Nasal congestion and catarrh – nasal discharge, or phlegm in the throat – are usually present for a few days during and after many infections of the nose and sinuses, especially the common cold . The combination is a harmless but annoying problem that can be stubborn to shift and can also result in deafness if it builds up in the eustachian tubes (the tubes on either side at the back of the nose and throat, which lead to the ears).
One of the best ways of treating it is steam inhalation to help drainage. You can either do this by breathing the vapour being given off by plain hot – not boiling – water, or you can add decongestant capsules containing natural essential oils, such as pine or eucalyptus. Essential oils have a strong, pleasant odour and are extremely volatile. When exposed to air, they therefore give off a powerful vapour. Inhaling this helps give relief from catarrh, nasal congestion and sinus trouble and can loosen mucus. Do not let the vapour come into contact with the eyes. For older children and adults you can dab the oils on to bedding nearby, but avoiding the possibility of direct skin contact. Or for infants, a few drops in a jug of warm water placed in the room out of the child’s reach, may give relief.
Tablets are also available over the counter to relieve sinus congestion and pain. These contain paracetamol and a drug called phenylpropanolamine hydrochloride which constricts blood vessels and thus helps ease congestion. Decongestant tablets and syrups can also be bought for blocked sinuses, stuffed-up nose and catarrh as part of cold and flu symptoms. These contain a decongestant such as pseudoephed-rine hydrochloride.
You can also try sprays containing decongestants like oxymetazoline hydrochloride, which is used as a vasoconstrictor – a drug that causes narrowing of the walls of blood vessels to relieve congestion. But it’s usually inadvisable to use nose drops for longer than ten days, as they can cause a ‘rebound’ swelling and damage to the nasal passages, making matters worse.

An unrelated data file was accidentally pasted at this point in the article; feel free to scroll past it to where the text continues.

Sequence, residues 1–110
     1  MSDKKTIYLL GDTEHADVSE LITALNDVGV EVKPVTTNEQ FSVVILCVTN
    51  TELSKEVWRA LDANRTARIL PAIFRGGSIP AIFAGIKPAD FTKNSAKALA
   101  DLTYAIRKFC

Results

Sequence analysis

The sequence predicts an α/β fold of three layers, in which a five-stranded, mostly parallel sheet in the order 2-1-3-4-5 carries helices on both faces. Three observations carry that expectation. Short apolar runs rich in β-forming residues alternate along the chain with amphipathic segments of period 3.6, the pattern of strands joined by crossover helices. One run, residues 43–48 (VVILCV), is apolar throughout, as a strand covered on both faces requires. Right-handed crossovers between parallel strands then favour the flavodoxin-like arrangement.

To insert nose drops, lie on your back on a bed with your head hanging over the edge and stay in that position for at least three minutes after inserting the drops. This prevents them simply running down the back of the nose into the throat and allows them to reach their destination – the sinuses.
If your symptoms become more severe and the sinuses are actually infected, the condition is then called sinusitis. Anyone who has ever suffered from this will remember all too well the typical throbbing headache which is made worse by bending over or blowing the nose. It’s estimated that one in 200 colds leads to sinusitis.
The bones of the cheeks, forehead and back of the nose contain a hidden network of small caverns and channels -the sinuses – which help to make the bones lighter and give resonance to our voice. The mucus-secreting membrane that lines the nose continues on to form an interconnecting lining for all the sinuses and there are tiny holes in it which normally allow for free drainage and circulation of air. When germs or particles of dirt are inhaled, they lodge in the mucus; minute, moving liairs’ called cilia then waft them to the back of the nose where they evaporate, are harmlessly swallowed or are blown out on to a handkerchief.